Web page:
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Original Issue

The Incompleat Angler

At the One-Fly tournament in Jackson Hole, contestants were allowed to use just a single fly a day

One of the reasons I love to fly-fish is the relaxing rhythm of the sport—the total removal, in place and purpose, from the stress and competition of work. So when I was invited to participate in the Jackson Hole (Wyo.) One-Fly contest last September, my first concern was that competing in the sport might nullify its healing powers. My second concern was that I wouldn't be as good as the other contestants. But the official literature for the contest insisted that this would be a different sort of competition: "While some fly fishermen may find the idea of competitive fly fishing repugnant and against what fly fishing is all about, let us point out that this is a friendly competition."

Friendly. I found that reassuring. And I admit I needed all the reassurance I could get; after agreeing to fish on one of the 36 teams in the One-Fly, all my insecurities about my fishing ability came roiling to the surface, like so many trout in a feeding frenzy. The so many trout that over the years had ignored my attempts to "match the hatch" of insects on the water with just the right artificial fly.

But in this event there would be no "matching the hatch." The great equalizer in the One-Fly is exactly that: one fly. Each angler is allowed one fly for each day of the two days of competition; the four anglers on each team do not have to use the same fly, but all 144 contestants face the same daunting problem. Once you have lost that fly, be it a Double Humpy, a Royal Wulff or a Madame X, to any obstacle, be it a tree, a rock or even a fish, you are out of the competition for the day. You may continue to fish, but the trout you catch won't count on your team's score, which is based on the number and size of the fish you hook.

There is not a fly-fisherman on earth who has not been humbled by a low-hanging branch or a submerged boulder. Depending on the difficulty of retrieval, an angler often chooses to snap off the fly and tie on a new one. In the One-Fly, however, contestants and their official guides will go to great lengths to retrieve that one precious fly. One of my guides, for example, brought along pruning shears and a saw, as well as a snorkel and mask. But more on that later.

The One-Fly is an invitational event put on annually by the One-Fly Foundation in Jackson, and it is designed to promote conservation projects, including catch-and-release fishing. The use of a barbless fly is encouraged, since it does less damage to the fish and speeds up the process of getting the fish back in the water. In the One-Fly any fish deemed mortally wounded by the judges results in penalty points for the contestant. I bring this up because it is crucial to the moral of our story.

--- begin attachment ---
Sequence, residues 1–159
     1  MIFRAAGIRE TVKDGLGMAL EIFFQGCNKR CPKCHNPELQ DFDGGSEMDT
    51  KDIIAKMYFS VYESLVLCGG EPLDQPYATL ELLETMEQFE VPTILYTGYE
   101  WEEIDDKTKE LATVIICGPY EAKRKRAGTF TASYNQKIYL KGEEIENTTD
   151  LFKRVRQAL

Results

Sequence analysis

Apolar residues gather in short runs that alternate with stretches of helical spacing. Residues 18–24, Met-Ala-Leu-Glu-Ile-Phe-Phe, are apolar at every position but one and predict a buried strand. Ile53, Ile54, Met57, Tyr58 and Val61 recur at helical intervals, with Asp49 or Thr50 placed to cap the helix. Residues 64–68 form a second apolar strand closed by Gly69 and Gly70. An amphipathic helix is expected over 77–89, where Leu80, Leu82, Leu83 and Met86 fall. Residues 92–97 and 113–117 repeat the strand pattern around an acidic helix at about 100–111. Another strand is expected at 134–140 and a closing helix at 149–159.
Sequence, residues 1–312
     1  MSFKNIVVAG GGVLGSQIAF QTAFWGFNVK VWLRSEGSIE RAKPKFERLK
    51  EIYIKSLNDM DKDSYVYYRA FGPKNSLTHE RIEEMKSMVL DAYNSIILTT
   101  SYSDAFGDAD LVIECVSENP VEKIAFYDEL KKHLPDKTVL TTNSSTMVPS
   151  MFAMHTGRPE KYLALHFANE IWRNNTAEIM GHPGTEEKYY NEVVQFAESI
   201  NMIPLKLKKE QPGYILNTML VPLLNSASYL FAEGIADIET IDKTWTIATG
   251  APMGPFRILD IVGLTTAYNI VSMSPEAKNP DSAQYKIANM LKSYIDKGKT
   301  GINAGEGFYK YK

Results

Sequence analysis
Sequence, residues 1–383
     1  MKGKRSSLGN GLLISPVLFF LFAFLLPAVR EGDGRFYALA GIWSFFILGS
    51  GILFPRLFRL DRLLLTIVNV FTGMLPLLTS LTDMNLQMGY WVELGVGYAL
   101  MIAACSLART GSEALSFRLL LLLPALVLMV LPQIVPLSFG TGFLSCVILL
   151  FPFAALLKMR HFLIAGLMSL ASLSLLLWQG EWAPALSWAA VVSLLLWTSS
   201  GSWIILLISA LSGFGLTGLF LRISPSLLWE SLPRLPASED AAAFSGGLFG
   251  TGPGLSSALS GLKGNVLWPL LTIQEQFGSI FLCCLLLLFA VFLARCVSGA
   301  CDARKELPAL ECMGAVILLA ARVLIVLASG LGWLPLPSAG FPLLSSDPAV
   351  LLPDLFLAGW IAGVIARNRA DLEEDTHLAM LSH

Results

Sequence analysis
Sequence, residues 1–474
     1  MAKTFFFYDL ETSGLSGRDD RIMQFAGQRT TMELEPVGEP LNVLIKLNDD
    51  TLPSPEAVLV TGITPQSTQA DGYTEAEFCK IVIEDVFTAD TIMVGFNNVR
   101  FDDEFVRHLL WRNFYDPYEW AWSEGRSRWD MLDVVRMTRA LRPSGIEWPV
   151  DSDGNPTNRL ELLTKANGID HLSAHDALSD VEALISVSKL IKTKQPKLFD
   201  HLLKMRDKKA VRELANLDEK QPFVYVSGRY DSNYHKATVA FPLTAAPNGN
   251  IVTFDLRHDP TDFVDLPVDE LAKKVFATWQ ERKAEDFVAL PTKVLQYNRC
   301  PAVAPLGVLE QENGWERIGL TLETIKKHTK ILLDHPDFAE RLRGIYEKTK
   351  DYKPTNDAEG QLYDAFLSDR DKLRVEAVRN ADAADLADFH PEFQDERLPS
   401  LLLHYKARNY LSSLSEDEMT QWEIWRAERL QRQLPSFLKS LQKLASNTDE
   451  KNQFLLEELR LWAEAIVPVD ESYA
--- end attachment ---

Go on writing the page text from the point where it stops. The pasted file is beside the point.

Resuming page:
I was invited to participate by the captain of our team, Silvio Calabi, the editor of Fly Rod and Reel magazine. He had put together a team of journalists (the Journos), but by the time contest day arrived, two members had dropped out. We filled in the blanks with two fishermen on the alternate list: David Kern, senior vice-president of Zebco Corp., which manufactures tackle in Tulsa; and John Garrison, a 36-year-old from Knoxville who introduced himself as a doctor and a member of the Tennessee House of Representatives. At a Jackson Hole restaurant where the team gathered for a get-acquainted dinner, Garrison told me an intriguing story about working undercover for the Drug Enforcement Agency, work that had resulted, he said, in threats against his life. As we were leaving the restaurant, Calabi whispered to me, "I'll bet that there's more to this guy than meets the eye." Much more.

I had arrived in Jackson Hole two days before the competition. I first wanted to have a chance to fish for the native cutthroat trout without the pressure of cutthroat competition. And so I had a delightful day fishing on the meandering Snake River, learning the way the trout strike (fast, with no slack allowed in the line) and where they tend to feed (near the banks, naturally, under fly-eating trees). The weather was sunny and mild; the Grand Teton range, a dramatic backdrop. But the weather was about to change dramatically, dropping a curtain on those mountains and, for that matter, on the whole Jackson Hole valley.

At the cocktail party on the eve of the contest, weather was one of the main topics of conversation. If it rained, we wondered, would a wet fly, fished underneath the surface, work better than a dry fly fished on top? If it snowed, someone asked, as it had in 1988, would the fish be feeding at all? All around the room the fly question was being discussed in conspiratorial tones by the contestants, who included the governor of Wyoming, Mike Sullivan, and sportscaster Curt Gowdy. There was also some speculation about whether the rain would prevent actress Heather Thomas from fishing in a bathing suit this year (it would).